that some integer variable was wrapping around because it did not have enough
bits.  That was enough to convince my boss to demand a conference call with
the product's maintainer.  He was *really* annoyed to be bothered by a
customer, and let slip that the system was experimental and was never
intended to be used as the salesman had promised.

The fallout?  None at all.  Corporations are accustomed to letting lying
salesmen make their decisions for them, and then ordering IT to "make it
work".

Bobby Bryant
Austin, Texas

 
 
 

Getting first W2K server

Post by Lloyd Llewelly » Fri, 26 Jan 2001 21:45:40


Quote:>I and
> programming and admins are wondering what ugly surprises is lurking for us in
> running W2K in this situation.

Well, we just moved a system from AIX to Win2K two days ago.  Worked fine under
AIX, but now print jobs max out the CPU (like, 100%) when printing to a text
printer on a local LPT port.  Easily enough solved by putting the printer on
its own box, but why is that an issue in Windows?  It shouldn't be.
 
 
 

Getting first W2K server

Post by Lloyd Llewelly » Fri, 26 Jan 2001 21:47:53


Quote:> I ran a suite of systematic tests and plotted the results vs. parameter
> settings. When I plotted the a graph I got a sawtooth pattern that strongly
> suggested that some integer variable was wrapping around because it did not
> have enough bits.

I must say, sounds pretty ingenious.
 
 
 

Getting first W2K server

Post by Erik Funkenbusc » Sat, 27 Jan 2001 03:38:17



Quote:> >I and
> > programming and admins are wondering what ugly surprises is lurking for
us in
> > running W2K in this situation.

> Well, we just moved a system from AIX to Win2K two days ago.  Worked fine
under
> AIX, but now print jobs max out the CPU (like, 100%) when printing to a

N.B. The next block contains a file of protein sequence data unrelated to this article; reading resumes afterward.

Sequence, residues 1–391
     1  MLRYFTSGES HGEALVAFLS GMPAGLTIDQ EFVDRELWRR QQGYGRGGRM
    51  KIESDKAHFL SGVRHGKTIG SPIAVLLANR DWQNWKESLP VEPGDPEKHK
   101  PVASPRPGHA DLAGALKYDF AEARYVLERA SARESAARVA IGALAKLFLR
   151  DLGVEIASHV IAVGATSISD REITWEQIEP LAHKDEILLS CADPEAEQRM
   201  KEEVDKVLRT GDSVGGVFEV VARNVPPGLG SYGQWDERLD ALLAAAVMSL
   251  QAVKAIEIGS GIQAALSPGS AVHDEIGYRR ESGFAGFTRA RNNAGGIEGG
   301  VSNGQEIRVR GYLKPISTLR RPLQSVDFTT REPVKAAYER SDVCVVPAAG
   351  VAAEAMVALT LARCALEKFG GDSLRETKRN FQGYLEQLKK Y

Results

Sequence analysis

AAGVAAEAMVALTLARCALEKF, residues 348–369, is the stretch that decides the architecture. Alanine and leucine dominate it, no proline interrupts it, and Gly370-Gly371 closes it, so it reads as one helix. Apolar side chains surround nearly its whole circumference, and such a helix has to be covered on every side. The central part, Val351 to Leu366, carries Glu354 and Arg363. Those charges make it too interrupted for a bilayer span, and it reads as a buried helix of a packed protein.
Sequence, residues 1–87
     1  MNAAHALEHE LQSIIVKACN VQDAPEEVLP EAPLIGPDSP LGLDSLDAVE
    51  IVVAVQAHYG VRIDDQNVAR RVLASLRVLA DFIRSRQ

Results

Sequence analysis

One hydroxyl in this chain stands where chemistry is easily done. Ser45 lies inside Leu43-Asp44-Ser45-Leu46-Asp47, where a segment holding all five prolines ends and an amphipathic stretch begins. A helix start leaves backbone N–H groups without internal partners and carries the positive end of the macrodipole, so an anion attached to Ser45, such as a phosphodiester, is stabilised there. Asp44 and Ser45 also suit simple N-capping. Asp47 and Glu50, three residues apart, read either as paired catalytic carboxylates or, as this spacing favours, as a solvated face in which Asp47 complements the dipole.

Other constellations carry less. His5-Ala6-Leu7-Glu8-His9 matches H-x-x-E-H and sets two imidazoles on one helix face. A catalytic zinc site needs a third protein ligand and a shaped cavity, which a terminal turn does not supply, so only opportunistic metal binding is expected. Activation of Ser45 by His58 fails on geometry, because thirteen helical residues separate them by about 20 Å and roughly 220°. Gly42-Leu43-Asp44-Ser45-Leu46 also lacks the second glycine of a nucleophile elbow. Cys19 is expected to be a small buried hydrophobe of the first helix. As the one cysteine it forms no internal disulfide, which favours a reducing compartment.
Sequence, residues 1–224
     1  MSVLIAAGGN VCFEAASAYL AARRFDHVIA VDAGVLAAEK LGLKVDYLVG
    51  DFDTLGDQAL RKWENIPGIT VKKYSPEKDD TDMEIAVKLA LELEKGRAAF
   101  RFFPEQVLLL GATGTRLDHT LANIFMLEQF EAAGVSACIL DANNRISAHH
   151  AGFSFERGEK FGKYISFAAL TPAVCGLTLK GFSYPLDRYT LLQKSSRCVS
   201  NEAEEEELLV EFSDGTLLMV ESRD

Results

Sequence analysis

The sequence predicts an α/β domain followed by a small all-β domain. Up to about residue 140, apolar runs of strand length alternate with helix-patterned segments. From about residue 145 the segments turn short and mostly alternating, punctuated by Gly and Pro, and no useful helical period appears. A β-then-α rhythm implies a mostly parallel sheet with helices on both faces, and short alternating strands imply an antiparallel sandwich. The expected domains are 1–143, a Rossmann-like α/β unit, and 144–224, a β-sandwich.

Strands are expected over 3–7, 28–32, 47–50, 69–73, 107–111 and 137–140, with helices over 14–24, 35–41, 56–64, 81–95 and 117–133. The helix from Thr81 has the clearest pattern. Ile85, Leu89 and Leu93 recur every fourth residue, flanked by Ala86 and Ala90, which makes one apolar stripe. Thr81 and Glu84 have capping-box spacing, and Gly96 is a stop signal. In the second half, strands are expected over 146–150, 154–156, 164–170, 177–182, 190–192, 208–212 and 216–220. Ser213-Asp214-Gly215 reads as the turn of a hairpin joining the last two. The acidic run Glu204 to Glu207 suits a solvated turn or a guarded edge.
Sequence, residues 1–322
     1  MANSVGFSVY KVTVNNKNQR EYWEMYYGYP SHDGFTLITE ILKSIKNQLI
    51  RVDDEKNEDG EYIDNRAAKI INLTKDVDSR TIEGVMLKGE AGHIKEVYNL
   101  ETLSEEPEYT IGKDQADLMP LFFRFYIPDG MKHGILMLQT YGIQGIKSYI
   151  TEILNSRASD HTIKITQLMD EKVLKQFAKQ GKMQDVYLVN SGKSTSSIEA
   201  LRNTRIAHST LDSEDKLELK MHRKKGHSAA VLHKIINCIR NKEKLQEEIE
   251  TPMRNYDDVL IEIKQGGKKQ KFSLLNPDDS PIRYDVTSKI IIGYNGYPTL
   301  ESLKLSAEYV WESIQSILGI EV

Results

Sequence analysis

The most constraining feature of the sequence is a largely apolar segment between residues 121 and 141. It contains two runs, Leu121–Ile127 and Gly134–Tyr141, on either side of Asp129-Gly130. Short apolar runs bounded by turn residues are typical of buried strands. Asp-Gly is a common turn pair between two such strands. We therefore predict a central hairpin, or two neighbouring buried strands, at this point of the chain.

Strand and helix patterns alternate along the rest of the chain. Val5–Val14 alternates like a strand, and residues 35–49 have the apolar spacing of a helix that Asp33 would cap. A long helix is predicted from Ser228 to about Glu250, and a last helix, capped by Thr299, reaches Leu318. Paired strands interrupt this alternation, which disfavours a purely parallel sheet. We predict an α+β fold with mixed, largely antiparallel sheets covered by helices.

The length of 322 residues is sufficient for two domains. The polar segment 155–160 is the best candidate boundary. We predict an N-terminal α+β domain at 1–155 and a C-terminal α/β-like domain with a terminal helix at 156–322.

text
> printer on a local LPT port.  Easily enough solved by putting the printer
on
> its own box, but why is that an issue in Windows?  It shouldn't be.

What are you talking about?  Printing does not take 100% of the CPU, not
even in Windows 3.1.
 
 
 

Getting first W2K server

Post by Bobby D. Bryan » Sat, 27 Jan 2001 04:13:05



> Forget that.  You'll be coming into work at all hours of the day, now.

MCSEs on a four-hour minimum for callouts say that's what they like best
about Windows shops.  Salaried employees, or employees that like to have a
life outside working hours, aren't nearly so fond of it.

Bobby Bryant
Austin, Texas

 
 
 

Getting first W2K server

Post by Aaron R. Kulki » Sat, 27 Jan 2001 04:18:30




> > Funny how microsoft sales droids dont like to talk to technical people.

> I should have also said in my other post ("not just Microsoft"), that if your
> company buys the wrong thing and it doesn't work as advertised, standard
> practice is to blame the technical staff for sabotaging it.

> I was in the political hot seat over this once.  The company made a really
> stupid purchasing decision, and the product absolutely would not work as
> promised.  Two people before me had tried to make it work, and failed, and
> were being accused of not wanting it to work.  When the hot potato fell into
> my lap, I followed the vendor's instructions and also discovered that it
> would not work as promised.  Not being one to play the fall guy, I ran a
> suite of systematic tests and plotted the results vs. parameter settings.
> When I plotted the a graph I got a sawtooth pattern that strongly suggested
> that some integer variable was wrapping around because it did not have enough
> bits.  That was enough to convince my boss to demand a conference call with
> the product's maintainer.  He was *really* annoyed to be bothered by a
> customer, and let slip that the system was experimental and was never
> intended to be used as the salesman had promised.

Which, of course, is grounds for a fraud suit.

Quote:> The fallout?  None at all.  Corporations are accustomed to letting lying
> salesmen make their decisions for them, and then ordering IT to "make it
> work".

> Bobby Bryant
> Austin, Texas

--
Aaron R. Kulkis
Unix Systems Engineer
DNRC Minister of all I survey
ICQ # 3056642

H: "Having found not one single carbon monoxide leak on the entire
    premises, it is my belief, and Willard concurs, that the reason
    you folks feel listless and disoriented is simply because
    you are lazy, stupid people"

I: Loren Petrich's 2-week stubborn refusal to respond to the
   challenge to describe even one philosophical difference
   between himself and the communists demonstrates that, in fact,